Do School Videos Help a Classroom Lesson?

Students often anticipate that watching videos during class time can be an opportunity to avoid standard lessons and goof off instead.
Teachers welcome their school video use as a different approach to learning.
The challenge for you as the teacher is to engage your students so they gain something valuable from the experience, so why not rely on some proven techniques for incorporating school videos or educational media into your elementary lessons.
The research is consistent in proving that teachers who rely on educational videos help their students to remember more of the lesson and understand concepts more quickly because videos address more learning modalities.
With audio and visual resources presented in logical order and the ever-interesting video format delivered by current technology (TV & computer), students are more interested in the lesson and can build concepts more quickly and effectively with the sound and images video delivers.
Textbooks and guided lessons are enhanced with additional media resources.
These teachers also have students who are more excited about the information they are receiving and the accompanying activities.
What teacher doesn't wish to have a classroom full of students who are excited to learn? As an educator who seeks to create such an environment, you can implement school videos into your curriculum effectively by following some simple techniques.
When video resources are part of a thoughtful lesson plan, video can help your students to make new connections between the topics of the curriculum and identify similarities between these ideas and realities outside of the classroom as they grow and learn.
Video's Unique Attributes School videos offer significant benefits that are specifically suited for the elementary classroom.
Perhaps the most exciting of these attributes is video's ability to take field trips-sound and imagery field trips-that would normally be impossible.
Students can go inside the human body, to the bottom of the ocean or even off to places as vast as Saturn.
Video resources are abundant in every subject area.
Use these resources to provide experience for your students to go around the world, to meet new people and to hear new ideas.
Video allows your students to get outside of their comfort zone and recognize that their world is greater than the surroundings of their home and school.
Video, as we've learned from several generations of television and movies, can introduce these students to exciting plays, literature, music or important scenes from the history books and bring them right into the classroom.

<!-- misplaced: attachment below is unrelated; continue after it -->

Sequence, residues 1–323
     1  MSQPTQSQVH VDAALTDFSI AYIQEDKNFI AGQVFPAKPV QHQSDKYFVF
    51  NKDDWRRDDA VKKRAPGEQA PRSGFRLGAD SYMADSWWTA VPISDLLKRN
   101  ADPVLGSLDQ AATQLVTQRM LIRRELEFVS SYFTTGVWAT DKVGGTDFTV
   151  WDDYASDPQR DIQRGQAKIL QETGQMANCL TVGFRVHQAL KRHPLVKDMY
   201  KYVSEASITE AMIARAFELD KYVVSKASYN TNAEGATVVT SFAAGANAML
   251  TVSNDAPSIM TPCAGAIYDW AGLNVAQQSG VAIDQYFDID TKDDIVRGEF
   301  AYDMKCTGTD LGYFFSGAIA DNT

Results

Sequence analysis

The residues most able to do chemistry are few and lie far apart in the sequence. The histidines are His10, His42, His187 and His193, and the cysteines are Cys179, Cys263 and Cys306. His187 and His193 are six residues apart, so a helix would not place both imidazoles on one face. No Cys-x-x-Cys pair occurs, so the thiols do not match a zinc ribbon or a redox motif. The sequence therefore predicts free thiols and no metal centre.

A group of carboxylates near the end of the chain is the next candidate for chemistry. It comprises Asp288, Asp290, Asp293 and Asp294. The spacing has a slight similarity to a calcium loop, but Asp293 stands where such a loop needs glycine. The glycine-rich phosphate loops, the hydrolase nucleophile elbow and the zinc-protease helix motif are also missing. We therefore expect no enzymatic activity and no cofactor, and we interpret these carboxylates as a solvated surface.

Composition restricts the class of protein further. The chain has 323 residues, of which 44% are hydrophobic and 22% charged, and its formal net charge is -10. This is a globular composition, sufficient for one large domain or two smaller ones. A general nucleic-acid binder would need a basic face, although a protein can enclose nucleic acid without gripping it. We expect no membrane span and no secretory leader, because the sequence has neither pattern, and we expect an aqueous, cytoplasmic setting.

With the incorporation of school videos into your curriculum, you have the ability to illustrate complex, abstract concepts with the help of live action, animation, text, music and photography.
You can also demonstrate experiments that show procedures and actual classroom behavior that cannot normally be done efficiently in a classroom lesson.
These attributes expose your students to concepts and ideas that they would normally have to rely on their own imagination to understand.
The Power of Lasting Images As a teacher, you can rely on this medium to reach your students with a wide array of styles that accommodate different types of learning.
Your visual learners and other students who absorb information in their own unique style will be able to learn in a whole new and more productive way.
You can also enjoy the power of engaging students in activities that solve problems and require investigation to get them more excited about the lessons they are doing.
School videos also help your students to be able to achieve literacy in different types of media and develop skills in critical viewing.
Through this common experience, students can learn to discuss what they viewed and how it applies to the lesson and to life.
Teaching techniques for using school videos in VHS or DVD format have changed over the years as research has shown how simple presentation methods can enhance lessons.
Improve your lessons right now by watching this video "The 7 Mistakes Teachers Make Using Video in the Classroom" and by downloading and following the tips in the Free Expert Guide.
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